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Cleveland Clinic receives grant to study role of DNA damage in treatment-resistant prostate cancer

Wednesday, December 18, 2013: Cleveland Clinic, along with the National Cancer Institute, the University of Chicago and Thomas Jefferson University, are the recipients of a $600,000 Special Challenge Award from the Prostate Cancer Foundation (PCF) to investigate the role of abnormally high protein levels in prostate tumors.

The increased expression of approximately 25 proteins referred to as interferon-related DNA damage resistance signature (IRDS) correlates strongly with resistance to radiation and chemotherapy. African-American men with prostate cancer are much more likely to have the IRDS signature than Caucasian men, one potential reason for the observed differences in mortality from the disease.

"African-American men have a two-fold higher mortality rate from prostate cancer than European-Americans," said Eric Klein, M.D., Chairman, Glickman Urological & Kidney Institute at Cleveland Clinic, and principal investigator on the grant. "The goal of our research is to further investigate the biology behind the obvious aggressive behavior of prostate tumors in African-American men in the hopes of better understanding its biology and identifying new management and treatment options."

Cleveland Clinic is at the forefront of identifying and addressing health disparities through multidisciplinary clinical care, community outreach and education. In 2003, the Minority Men's Health Center, led by urologist Charles S. Modlin, M.D., MBA, was established in the Glickman Urological & Kidney Institute to address the vast number of medical conditions which disproportionately affect minority men. Approximately 750 patients visited the center this year, in addition to the more than 1,000 men who attend the annual Minority Men's Health Fair each April.

Prostate cancer tumors develop IRDS when exposed to interferons, potent antiviral proteins naturally produced by the body in response to a virus, bacteria or tumor cells. Inteferons were previously thought to prevent tumors from growing; however, research has shown their presence in certain tumors actually inhibits the effectiveness of traditional chemotherapy or radiation. Why this happens more frequently in African-American men is still unknown.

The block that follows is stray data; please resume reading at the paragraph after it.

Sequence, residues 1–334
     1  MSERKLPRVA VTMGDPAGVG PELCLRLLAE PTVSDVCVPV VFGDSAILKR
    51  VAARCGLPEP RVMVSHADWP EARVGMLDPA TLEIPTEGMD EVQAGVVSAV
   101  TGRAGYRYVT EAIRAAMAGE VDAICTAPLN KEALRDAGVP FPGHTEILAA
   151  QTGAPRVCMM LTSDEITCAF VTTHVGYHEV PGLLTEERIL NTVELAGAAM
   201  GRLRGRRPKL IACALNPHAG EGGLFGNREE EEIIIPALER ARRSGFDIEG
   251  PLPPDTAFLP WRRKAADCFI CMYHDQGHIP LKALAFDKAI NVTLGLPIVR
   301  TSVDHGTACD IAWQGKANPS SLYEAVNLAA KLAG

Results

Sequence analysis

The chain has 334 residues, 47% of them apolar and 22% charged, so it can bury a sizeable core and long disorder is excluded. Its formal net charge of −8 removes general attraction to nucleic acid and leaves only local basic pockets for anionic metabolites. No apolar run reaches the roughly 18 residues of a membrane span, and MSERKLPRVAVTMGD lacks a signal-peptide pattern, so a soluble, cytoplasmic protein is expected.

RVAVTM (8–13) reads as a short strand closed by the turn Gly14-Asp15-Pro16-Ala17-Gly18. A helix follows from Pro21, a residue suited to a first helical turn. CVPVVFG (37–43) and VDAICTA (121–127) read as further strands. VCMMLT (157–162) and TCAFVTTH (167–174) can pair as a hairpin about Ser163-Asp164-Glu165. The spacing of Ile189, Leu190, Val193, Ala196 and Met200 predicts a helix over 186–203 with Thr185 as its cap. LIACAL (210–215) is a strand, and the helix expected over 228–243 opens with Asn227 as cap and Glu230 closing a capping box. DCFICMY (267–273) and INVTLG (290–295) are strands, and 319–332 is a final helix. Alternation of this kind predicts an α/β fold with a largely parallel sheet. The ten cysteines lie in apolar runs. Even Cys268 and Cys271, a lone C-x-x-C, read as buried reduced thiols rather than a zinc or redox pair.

"We don't know whether the tumors themselves or tumor-associated immune cells are the primary sources of the interferon which enables the cancer cells to resist therapy or how such resistance is achieved," said George Stark, Ph.D., staff researcher in molecular genetics in Cleveland Clinic's Lerner Research Institute and principal investigator on the grant. "These questions are being actively investigated in our laboratories."

Part of the study will involve testing drugs conventionally used to treat other cancers to determine if they will block the growth response of prostate tumors when exposed to interferons, improving the tumor's response to chemotherapy or radiation and increasing survival rates. The grant provided by PCF, a philanthropic organization that seeks to fund and accelerate prostate cancer research globally will be also used to study a wide range of other clinical issues in IRDS-positive tumors.

"Overall, we hope our research will provide patients with IRDS-positive tumors a therapeutic approach that improves outcomes," said Dr. Klein.

Other Cleveland Clinic investigators involved in this research project include Andrew Stephenson, M.D. and Robert Silverman, Ph.D.


Contact: Stephanie Jansky
Cleveland Clinic

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